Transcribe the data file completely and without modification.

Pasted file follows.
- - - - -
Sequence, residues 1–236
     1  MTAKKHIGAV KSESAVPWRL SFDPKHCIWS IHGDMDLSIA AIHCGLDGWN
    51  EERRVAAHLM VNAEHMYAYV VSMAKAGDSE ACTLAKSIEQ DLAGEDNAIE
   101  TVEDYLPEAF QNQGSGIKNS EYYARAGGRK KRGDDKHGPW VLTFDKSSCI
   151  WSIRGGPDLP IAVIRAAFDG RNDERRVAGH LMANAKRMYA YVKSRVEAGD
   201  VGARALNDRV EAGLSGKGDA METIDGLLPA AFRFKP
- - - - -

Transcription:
Sequence, residues 1–236
     1  MTAKKHIGAV KSESAVPWRL SFDPKHCIWS IHGDMDLSIA AIHCGLDGWN
    51  EERRVAAHLM VNAEHMYAYV VSMAKAGDSE ACTLAKSIEQ DLAGEDNAIE
   101  TVEDYLPEAF QNQGSGIKNS EYYARAGGRK KRGDDKHGPW VLTFDKSSCI
   151  WSIRGGPDLP IAVIRAAFDG RNDERRVAGH LMANAKRMYA YVKSRVEAGD
   201  VGARALNDRV EAGLSGKGDA METIDGLLPA AFRFKP